People in a care home

Toolkit to improve resilience of health & social care services for older people

Climate change is expected to increase the frequency of extreme weather events such as heatwaves and flooding, while occasional cold periods are still likely to occur. These can lead to increased demand for health, social care and supporting services, especially for vulnerable groups, while at the same time causing serious disruption to the delivery of these services.

Researchers devised a framework to identify the formal and informal health and social care systems which act as resource networks. These all rely on the built infrastructure – for example, roads, utilities and buildings – to function effectively.


Older people make up an increasing proportion of the UK population, a trend which is expected to continue. This group is more vulnerable to the impacts of extreme weather events, which are expected to increase in frequency as the climate changes.

Extreme weather events place higher demand on health and social care delivery, for example:

  • the 2003 heatwave across the south of England
  • extensive winter flooding in 2015/16
  • the prolonged cold weather during the winters of 2009/10 and 2010/11.

Communication across sectors and networks can be challenging, particularly without preparedness planning.

Unclear responsibilities and a lack of understanding about climate change adaptation and extreme weather events can be a barrier, especially when there are a range of different priorities competing for attention in local policymaking.

Main issues

  • A crowded policy arena means that local service providers and commissioners are faced with changing and competing priorities.
  • Extreme weather events are occurring now and are likely to increase in future.
  • Extreme weather events cause increased demand on services and disrupt continuity of care to older people.
  • Resilience to extreme weather events involves a wide range of stakeholders
  • Locally sensitive climate change adaptation is important to ensure continuity of care. Researchers at Durham and Herriot-Watt Universities developed the BIOPICCC toolkit to help with continuity planning during extreme weather events.

Now what?

The BIOPICCC Toolkit was developed in collaboration with local communities and service agencies in two case study areas in England. It provides a series of resources to increase the resilience of health and social care services for older people to the effects of extreme weather.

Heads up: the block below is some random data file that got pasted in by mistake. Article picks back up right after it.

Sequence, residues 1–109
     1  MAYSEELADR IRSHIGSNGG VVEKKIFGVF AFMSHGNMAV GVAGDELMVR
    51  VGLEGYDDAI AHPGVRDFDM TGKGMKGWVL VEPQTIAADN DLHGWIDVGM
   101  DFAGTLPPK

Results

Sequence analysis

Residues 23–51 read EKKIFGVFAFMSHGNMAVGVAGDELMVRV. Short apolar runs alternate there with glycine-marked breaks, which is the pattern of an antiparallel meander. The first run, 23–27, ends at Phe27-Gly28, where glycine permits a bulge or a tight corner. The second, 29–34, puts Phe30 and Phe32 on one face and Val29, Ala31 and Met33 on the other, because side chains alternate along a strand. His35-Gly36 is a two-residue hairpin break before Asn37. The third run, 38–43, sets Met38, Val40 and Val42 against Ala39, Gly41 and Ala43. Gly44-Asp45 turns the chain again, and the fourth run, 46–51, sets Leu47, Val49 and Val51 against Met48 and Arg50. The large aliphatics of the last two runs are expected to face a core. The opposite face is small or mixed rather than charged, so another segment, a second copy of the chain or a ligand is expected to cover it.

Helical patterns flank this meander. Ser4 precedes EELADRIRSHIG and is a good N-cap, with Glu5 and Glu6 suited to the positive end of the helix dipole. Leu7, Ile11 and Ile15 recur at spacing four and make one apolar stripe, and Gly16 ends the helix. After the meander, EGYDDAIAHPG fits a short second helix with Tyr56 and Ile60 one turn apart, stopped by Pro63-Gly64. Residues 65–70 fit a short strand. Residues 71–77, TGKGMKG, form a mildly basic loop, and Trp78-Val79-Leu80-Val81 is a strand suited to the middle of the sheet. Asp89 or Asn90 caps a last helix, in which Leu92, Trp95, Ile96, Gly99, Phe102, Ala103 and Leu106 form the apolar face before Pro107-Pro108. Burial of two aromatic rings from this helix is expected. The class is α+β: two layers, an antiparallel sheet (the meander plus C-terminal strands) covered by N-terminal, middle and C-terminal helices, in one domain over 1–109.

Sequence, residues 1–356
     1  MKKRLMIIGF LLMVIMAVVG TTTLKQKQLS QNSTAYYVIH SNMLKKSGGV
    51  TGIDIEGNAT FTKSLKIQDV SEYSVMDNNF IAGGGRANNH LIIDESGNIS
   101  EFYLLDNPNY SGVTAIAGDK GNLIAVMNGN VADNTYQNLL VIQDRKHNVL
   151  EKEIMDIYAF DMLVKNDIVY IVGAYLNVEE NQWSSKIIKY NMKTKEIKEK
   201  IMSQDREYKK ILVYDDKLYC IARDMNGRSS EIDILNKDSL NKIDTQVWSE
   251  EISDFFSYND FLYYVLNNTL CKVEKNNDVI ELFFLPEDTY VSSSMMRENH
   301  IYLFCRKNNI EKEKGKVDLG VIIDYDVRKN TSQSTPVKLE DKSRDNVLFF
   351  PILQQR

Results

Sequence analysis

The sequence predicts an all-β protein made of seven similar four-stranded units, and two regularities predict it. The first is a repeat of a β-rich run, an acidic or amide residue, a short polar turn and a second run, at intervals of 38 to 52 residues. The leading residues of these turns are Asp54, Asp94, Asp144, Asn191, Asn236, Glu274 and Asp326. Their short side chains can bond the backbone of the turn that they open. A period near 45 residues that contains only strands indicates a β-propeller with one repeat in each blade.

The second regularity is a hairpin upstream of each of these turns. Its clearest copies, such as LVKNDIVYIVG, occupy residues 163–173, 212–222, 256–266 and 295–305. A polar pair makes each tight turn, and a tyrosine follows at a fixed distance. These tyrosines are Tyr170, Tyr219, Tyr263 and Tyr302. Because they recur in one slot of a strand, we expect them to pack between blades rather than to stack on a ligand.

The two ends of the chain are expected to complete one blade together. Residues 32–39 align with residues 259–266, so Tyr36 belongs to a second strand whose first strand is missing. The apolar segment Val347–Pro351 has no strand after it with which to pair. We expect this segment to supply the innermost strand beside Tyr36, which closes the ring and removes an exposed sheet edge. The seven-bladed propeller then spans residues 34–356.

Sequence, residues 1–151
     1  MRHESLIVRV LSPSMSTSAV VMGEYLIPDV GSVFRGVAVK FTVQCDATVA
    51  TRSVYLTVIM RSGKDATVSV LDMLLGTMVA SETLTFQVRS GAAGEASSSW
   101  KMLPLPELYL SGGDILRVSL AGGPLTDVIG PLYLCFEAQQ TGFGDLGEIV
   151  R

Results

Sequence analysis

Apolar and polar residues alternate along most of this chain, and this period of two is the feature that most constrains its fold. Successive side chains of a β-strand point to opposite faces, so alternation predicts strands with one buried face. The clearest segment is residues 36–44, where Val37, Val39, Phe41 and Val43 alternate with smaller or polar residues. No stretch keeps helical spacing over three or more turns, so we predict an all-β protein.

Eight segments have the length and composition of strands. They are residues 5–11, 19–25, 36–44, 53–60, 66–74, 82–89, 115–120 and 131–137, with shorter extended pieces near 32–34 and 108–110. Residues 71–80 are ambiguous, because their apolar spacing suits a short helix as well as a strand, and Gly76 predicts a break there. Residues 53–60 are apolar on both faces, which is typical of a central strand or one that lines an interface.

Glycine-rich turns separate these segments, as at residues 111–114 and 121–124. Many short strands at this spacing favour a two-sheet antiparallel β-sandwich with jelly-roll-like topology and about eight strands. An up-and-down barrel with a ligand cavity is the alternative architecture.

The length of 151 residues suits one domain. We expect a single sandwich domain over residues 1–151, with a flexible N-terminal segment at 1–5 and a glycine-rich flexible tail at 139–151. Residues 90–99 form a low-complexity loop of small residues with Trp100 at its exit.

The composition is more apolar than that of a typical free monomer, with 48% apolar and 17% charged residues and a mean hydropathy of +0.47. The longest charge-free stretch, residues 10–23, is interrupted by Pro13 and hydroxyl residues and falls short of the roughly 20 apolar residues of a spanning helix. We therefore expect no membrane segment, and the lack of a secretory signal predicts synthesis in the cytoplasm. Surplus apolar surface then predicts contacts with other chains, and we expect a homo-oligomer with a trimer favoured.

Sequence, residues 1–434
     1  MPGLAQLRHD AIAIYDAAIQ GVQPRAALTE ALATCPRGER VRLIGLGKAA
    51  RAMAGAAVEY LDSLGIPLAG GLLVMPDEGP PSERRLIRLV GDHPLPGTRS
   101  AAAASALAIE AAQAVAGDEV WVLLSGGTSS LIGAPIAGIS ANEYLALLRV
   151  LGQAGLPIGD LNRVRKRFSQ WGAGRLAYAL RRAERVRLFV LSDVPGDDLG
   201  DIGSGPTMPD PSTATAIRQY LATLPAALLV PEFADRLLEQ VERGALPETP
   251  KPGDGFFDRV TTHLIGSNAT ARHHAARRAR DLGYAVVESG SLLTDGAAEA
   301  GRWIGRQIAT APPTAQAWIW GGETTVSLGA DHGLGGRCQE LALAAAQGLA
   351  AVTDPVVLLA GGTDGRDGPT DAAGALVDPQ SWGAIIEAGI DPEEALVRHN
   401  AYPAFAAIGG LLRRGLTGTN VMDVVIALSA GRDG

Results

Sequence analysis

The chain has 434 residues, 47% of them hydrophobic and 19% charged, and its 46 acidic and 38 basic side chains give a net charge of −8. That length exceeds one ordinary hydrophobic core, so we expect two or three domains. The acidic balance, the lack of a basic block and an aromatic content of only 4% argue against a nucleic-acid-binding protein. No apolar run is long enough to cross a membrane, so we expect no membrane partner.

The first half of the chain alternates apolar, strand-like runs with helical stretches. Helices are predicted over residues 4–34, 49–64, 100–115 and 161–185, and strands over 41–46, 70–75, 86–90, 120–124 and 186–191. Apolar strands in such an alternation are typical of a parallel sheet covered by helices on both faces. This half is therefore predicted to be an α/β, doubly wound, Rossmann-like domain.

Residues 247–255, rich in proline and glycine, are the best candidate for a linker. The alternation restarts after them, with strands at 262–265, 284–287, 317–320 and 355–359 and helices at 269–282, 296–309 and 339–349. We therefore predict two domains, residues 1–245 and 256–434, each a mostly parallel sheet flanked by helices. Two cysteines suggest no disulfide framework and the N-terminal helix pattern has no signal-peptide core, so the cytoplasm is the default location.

Climate change adaptation is needed, but demand can be quite variable. Health and social care providers have many demands on their time and resources, and their capacity to implement adaptation options may be limited, particularly given cuts to public and independent sector funding in recent years. The BIOPICCC toolkit provides a resource to assist with locally sensitive adaptation measures and offers wider co-benefits in coordinating both planning and service delivery across a resource network.

About the Toolkit

The Toolkit helps to develop local engagement with climate change adaptation, and includes the identification of risks and the development of community-led responses.

Local ownership and drive are important for independent and locally appropriate adoption of the Toolkit approach.

Tried and tested

The Toolkit has been demonstrated across different geographical areas, organisational scales and issues,
i.e. not just health and social care for older people, but wider community wellbeing, and has assisted in development of local plans, and commissioning and delivering services.

The winter floods of 2015/16 showed the value of the Toolkit. For example, the Toolkit enabled embedding of community involvement in local adaption planning for a particular area that had previously reported continued problem flooding. No flooding was recorded during the wettest December on record.

Why use the toolkit?

  • The Toolkit provides resources to identify appropriate stakeholders and bring them together in a geographically-based approach.
  • It can provide a hook for initiating discussions with colleagues in other teams, directorates, and organisations about climate change adaptation and extreme weather events
  • The Toolkit encourages service providers to consider the extreme weather impacts from an end-user perspective, and provides resources to include communities in planning for extreme weather events.